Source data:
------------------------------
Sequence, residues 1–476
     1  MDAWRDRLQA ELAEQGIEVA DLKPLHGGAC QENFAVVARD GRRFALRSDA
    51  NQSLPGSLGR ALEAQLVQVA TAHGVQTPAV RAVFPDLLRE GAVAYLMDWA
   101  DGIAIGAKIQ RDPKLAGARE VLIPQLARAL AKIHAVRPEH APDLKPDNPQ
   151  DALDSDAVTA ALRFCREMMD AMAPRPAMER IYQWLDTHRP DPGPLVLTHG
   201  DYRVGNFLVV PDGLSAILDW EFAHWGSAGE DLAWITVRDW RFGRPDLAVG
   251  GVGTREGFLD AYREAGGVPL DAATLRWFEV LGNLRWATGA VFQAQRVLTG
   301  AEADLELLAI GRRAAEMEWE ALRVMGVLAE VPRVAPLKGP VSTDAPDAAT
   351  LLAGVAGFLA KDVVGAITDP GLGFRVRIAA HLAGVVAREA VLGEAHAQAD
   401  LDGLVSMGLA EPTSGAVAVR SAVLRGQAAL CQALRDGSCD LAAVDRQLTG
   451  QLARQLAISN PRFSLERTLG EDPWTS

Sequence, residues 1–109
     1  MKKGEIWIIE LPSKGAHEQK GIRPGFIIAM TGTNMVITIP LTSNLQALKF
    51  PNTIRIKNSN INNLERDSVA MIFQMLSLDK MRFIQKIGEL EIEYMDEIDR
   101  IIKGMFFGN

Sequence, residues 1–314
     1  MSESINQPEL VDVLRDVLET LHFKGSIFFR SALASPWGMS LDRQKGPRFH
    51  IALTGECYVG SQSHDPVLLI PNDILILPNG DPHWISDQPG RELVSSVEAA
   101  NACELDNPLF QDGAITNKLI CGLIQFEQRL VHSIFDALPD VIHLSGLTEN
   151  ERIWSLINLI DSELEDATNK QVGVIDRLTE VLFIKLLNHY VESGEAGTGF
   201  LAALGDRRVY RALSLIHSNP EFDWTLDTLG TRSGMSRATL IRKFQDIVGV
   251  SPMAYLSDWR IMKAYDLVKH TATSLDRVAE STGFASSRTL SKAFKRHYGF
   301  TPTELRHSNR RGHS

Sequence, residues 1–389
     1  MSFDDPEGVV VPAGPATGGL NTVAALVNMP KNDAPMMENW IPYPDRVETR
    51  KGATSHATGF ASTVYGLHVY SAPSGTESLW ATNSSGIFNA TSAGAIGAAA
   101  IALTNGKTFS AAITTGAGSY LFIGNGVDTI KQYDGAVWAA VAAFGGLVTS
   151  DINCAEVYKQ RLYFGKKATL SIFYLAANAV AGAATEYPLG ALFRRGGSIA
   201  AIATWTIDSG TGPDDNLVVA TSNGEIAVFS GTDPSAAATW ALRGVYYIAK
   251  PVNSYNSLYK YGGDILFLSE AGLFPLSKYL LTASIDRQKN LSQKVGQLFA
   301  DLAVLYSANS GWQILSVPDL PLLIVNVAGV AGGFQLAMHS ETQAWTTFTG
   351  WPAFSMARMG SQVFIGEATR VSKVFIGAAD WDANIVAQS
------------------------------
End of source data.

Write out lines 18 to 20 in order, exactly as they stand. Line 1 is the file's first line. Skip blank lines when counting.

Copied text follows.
    51  IALTGECYVG SQSHDPVLLI PNDILILPNG DPHWISDQPG RELVSSVEAA
   101  NACELDNPLF QDGAITNKLI CGLIQFEQRL VHSIFDALPD VIHLSGLTEN
   151  ERIWSLINLI DSELEDATNK QVGVIDRLTE VLFIKLLNHY VESGEAGTGF